Plain ita konnyaku has no distinctive flavor of its own and is used more for its texture, which is like a firm, chewy gelatin. Like tofu, konnyaku can also absorb the flavors of ingredients it is cooked with. Slices of ita konnyaku are traditionally simmered with oden and other stews, stir-fried with meat and vegetables, grilled, or served with dipping sauces. Because konnyaku is calorie-free and rich in fiber, it is often considered a health or diet food. It also shows up as a filling meat alternative in vegetarian meals; Zen priests ate konnyaku as early as the 1100s.
Up until now, we have generally eaten konnyaku in its plain, sliced form and must admit it isn't our favorite dish (although it is refreshing for summer). However, we are curious to follow our friend's suggestion and grill slices with a miso-based sauce and sesame seeds. Here are a few other recipes, and we'd love to hear any readers' suggestions!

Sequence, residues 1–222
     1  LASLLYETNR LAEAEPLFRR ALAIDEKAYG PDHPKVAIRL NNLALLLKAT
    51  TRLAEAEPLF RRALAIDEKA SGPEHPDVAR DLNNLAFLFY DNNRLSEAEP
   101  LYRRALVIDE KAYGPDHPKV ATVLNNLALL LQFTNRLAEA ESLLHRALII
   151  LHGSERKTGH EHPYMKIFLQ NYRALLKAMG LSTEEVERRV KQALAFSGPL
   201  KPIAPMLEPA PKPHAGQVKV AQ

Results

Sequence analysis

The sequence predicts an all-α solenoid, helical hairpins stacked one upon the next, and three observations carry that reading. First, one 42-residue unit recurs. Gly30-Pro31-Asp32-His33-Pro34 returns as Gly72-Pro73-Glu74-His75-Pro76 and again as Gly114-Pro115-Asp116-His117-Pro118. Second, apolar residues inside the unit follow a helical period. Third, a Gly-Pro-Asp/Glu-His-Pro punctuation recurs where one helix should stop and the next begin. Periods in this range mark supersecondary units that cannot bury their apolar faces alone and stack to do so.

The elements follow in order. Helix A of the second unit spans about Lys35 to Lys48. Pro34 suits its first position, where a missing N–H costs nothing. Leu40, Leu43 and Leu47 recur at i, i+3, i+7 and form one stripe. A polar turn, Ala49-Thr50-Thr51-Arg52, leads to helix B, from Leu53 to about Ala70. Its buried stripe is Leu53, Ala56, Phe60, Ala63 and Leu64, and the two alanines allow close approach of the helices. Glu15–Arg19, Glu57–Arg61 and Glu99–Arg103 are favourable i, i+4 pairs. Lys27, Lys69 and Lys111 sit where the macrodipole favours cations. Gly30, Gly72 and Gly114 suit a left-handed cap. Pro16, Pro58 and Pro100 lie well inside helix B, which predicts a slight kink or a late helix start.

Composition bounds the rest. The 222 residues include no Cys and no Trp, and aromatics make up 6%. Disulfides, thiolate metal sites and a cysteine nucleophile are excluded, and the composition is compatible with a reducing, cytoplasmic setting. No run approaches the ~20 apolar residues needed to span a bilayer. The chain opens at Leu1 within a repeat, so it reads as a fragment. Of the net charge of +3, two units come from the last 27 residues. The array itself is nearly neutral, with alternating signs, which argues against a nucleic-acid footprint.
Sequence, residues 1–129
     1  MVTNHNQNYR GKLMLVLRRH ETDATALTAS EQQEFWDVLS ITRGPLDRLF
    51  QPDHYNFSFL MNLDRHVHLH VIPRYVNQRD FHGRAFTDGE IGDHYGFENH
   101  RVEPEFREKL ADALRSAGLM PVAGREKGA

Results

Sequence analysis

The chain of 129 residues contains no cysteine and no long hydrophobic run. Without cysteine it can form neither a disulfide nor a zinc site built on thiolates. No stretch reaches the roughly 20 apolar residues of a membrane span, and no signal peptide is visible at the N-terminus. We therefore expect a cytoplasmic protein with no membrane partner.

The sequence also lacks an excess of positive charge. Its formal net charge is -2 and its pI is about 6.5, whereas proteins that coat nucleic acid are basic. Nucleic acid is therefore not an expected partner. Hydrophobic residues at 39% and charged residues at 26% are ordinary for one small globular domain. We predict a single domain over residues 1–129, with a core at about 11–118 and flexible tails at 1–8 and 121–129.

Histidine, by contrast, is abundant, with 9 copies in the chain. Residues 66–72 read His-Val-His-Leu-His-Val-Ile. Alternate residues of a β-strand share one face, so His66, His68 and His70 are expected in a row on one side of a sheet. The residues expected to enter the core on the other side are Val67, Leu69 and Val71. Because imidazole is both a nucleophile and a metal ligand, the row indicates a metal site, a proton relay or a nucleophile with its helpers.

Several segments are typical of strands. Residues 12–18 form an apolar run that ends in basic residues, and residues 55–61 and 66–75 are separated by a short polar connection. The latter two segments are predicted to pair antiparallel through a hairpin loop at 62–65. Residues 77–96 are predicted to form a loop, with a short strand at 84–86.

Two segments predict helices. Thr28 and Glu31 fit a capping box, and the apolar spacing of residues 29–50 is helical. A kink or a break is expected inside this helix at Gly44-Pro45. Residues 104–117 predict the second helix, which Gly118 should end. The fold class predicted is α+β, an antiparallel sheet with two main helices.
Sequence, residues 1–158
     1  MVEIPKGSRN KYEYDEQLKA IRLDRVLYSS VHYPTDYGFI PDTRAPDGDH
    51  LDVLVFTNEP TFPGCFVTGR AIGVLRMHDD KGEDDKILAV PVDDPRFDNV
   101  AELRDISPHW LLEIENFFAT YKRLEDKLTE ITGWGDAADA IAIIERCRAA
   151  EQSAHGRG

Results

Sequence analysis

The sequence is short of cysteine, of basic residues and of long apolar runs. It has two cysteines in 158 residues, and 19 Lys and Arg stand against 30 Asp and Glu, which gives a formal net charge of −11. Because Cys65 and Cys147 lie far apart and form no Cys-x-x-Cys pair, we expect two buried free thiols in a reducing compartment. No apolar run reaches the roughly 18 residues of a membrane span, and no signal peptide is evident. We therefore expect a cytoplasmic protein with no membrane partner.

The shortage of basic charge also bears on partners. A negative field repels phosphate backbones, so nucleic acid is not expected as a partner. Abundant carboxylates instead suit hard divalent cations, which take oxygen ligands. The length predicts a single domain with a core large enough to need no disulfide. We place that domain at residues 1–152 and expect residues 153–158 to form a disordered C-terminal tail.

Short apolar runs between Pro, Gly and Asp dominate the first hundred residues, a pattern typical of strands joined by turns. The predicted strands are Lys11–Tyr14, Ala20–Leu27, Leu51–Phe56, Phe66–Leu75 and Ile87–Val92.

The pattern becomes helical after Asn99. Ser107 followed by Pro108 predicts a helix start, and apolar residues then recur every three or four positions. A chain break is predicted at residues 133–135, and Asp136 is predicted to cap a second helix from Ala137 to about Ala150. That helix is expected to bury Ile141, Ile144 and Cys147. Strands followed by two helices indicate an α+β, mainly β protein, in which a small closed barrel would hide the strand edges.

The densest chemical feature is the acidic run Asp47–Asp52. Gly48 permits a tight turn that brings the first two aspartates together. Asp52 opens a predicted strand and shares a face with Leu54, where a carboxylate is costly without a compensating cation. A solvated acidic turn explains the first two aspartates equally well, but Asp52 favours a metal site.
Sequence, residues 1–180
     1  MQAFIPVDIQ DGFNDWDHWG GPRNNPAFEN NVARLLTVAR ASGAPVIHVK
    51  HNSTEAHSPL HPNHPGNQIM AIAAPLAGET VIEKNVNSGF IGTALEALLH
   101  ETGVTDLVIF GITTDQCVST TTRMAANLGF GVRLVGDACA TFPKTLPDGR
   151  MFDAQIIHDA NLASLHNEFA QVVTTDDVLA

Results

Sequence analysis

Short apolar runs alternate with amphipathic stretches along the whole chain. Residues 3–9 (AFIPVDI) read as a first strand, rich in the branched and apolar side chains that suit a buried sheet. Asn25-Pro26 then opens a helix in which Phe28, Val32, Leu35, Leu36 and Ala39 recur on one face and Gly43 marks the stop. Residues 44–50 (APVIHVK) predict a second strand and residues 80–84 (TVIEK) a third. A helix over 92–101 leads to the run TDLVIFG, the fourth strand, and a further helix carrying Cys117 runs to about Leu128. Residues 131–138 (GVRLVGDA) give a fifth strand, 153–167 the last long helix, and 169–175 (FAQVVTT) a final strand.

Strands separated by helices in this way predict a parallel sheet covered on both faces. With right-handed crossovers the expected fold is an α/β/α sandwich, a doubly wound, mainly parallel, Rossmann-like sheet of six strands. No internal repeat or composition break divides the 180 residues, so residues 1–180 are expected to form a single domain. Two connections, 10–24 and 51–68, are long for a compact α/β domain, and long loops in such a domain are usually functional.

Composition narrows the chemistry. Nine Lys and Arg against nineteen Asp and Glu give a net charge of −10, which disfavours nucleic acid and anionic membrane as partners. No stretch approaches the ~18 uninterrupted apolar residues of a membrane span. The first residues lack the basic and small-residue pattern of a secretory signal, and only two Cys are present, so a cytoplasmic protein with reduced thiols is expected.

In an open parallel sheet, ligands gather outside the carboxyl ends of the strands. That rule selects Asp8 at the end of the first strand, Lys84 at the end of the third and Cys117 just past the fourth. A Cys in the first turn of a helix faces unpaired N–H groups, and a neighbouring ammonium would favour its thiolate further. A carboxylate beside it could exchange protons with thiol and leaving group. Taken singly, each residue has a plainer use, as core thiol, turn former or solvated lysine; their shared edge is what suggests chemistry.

• Konnyaku and Atsuage (Tofu) Kinpira, from Just Hungry
• Konnyaku no miso ni (konnyaku simmered with miso), from Obachan's Kitchen
• Creamy Tofu Sauce for Sweet Potatoes and Konnyaku, from Serious Eats
• Gyuudon (beef bowl) bento with konnyaku, from Just Bento
Find blocks of ita konnyaku packed in water in the refrigerated section of Japanese markets. To use, open the package (a fishy odor is normal), drain, and rinse under cool water. Parboil before cooking or serving. Any unused portion may be covered with fresh water and stored in the refrigerator for a few days.
Related: Ingredient Spotlight: Dried Kombu
(Images: Emily Ho, House Foods America)